The polished aesthetic that many accounts use is relaxing and pleasing to the eye, especially when combined with subtle filters and maybe some text overlays. I'm under no assumption that these people's desks permanently look like this, but it's still great to look at. I don't think there's a specific formula to success, but the majority of accounts centre around one subject being studied at university. There are definitely accounts run by younger students who are still at school, but I've seen many more focused on higher education. As well as posting pictures of workspaces, images of note-taking, stationary and the environment form the basis of content on my feed. I would say that my account does feature more pictures of myself than a typical #studygram, but I tend to intersperse them with my office environment.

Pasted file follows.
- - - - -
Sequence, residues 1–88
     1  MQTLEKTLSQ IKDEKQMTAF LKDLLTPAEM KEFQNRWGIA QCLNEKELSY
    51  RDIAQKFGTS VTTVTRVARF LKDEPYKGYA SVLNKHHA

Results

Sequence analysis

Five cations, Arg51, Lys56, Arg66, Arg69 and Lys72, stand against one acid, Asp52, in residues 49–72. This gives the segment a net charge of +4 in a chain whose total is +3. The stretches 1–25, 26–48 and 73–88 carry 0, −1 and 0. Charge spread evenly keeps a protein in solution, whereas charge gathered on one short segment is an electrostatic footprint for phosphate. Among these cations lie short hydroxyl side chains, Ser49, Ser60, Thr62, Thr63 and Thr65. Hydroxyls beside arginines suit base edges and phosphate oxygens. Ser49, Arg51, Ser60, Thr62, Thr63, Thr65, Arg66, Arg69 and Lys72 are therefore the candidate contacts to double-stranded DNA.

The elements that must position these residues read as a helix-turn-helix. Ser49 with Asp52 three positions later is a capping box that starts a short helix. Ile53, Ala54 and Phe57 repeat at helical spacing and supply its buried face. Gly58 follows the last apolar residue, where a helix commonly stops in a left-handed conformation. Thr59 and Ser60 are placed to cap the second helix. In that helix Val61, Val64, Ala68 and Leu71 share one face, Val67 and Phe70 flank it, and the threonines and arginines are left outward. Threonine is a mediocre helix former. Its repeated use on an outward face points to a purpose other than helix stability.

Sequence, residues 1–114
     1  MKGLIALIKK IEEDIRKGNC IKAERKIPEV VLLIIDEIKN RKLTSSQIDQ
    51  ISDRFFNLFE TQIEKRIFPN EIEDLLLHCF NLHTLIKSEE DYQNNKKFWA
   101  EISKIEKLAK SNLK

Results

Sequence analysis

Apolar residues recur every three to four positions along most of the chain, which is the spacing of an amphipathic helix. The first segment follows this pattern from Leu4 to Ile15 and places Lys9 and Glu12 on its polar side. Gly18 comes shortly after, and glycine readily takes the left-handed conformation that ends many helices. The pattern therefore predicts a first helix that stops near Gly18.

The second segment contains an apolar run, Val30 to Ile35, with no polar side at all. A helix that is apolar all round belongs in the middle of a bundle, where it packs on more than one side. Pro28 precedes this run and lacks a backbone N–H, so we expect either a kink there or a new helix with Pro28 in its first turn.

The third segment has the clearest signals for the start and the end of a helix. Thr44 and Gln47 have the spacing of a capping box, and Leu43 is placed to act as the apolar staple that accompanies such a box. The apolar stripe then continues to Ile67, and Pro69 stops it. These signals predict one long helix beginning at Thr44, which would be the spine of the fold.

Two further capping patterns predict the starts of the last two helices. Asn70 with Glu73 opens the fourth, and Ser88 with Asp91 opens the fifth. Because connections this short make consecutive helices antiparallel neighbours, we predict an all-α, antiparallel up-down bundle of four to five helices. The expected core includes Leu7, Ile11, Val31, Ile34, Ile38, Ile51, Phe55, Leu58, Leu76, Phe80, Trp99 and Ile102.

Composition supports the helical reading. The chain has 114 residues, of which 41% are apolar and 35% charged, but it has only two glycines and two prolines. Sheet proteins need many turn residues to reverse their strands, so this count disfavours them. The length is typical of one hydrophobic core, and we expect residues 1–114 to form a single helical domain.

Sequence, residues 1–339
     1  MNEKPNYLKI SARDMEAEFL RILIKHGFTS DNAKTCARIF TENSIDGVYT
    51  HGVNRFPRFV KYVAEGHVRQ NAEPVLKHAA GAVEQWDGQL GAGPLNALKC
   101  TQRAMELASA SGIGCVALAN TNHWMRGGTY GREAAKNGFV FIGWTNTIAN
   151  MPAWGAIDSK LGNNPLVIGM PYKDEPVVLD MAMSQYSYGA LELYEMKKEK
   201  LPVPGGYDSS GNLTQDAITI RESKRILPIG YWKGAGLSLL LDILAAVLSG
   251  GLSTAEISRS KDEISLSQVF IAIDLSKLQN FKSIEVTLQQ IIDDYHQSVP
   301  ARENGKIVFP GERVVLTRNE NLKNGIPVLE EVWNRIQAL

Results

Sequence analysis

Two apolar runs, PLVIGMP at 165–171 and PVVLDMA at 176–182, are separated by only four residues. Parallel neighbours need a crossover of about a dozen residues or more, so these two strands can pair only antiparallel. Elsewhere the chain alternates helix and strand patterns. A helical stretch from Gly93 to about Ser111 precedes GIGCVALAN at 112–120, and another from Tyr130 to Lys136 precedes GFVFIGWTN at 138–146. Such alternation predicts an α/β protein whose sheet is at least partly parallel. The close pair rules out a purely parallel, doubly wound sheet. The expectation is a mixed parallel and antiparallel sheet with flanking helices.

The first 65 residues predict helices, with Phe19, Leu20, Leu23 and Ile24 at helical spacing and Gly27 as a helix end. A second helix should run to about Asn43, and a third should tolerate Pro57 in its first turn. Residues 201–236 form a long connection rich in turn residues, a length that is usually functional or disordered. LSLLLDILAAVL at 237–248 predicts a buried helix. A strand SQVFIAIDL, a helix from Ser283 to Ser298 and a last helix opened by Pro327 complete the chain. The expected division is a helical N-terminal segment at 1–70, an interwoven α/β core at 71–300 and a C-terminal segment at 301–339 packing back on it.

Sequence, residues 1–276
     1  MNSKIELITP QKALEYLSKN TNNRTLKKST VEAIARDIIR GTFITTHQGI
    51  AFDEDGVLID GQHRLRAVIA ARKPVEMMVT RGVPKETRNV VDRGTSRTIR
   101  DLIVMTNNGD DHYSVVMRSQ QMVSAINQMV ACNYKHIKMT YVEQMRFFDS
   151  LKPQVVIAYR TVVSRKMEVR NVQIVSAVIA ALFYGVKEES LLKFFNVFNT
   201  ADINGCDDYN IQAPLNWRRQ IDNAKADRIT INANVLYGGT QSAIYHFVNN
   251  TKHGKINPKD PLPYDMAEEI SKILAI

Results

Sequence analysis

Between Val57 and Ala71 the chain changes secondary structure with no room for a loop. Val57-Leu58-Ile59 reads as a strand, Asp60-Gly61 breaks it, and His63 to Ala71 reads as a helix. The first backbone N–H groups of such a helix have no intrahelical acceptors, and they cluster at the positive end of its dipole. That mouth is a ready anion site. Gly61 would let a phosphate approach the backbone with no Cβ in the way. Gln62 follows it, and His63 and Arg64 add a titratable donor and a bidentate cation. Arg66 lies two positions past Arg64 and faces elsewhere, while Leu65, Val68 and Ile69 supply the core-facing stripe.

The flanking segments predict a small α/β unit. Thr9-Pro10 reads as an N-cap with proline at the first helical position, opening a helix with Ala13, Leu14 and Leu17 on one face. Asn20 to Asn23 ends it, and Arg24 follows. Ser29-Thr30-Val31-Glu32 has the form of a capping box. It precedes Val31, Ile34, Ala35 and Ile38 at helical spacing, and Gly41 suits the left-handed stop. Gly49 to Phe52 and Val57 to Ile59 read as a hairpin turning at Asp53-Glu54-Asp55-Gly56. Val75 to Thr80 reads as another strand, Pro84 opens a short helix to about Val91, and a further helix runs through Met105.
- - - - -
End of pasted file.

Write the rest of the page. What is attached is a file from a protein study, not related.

My account has grown organically over the past several months, and it is an easy pastime to keep up with. I stay away from follow chains and spam accounts, and make sure to consider what content is appropriate for the internet. Of course, I still get random accounts that follow me, often advertising a scam, or wanting to date me (yikes) which I remove quickly. My DMs are always open, and I like having the freedom to talk to other people. However, I am over the age of eighteen, and I would never encourage my younger followers to talk to strangers online. Exercise caution as you would do normally. I would also never buy followers, which is an easy way to inflate numbers. This costs money, but also goes against Instagram's terms and conditions, which could mean my account could be suspended. Also, a lot of the followers are bots, so are essentially fake profiles that won't interact with your content any, keeping your engagement low. Instagram removes fake followers periodically anyway, so it's just a big waste of time.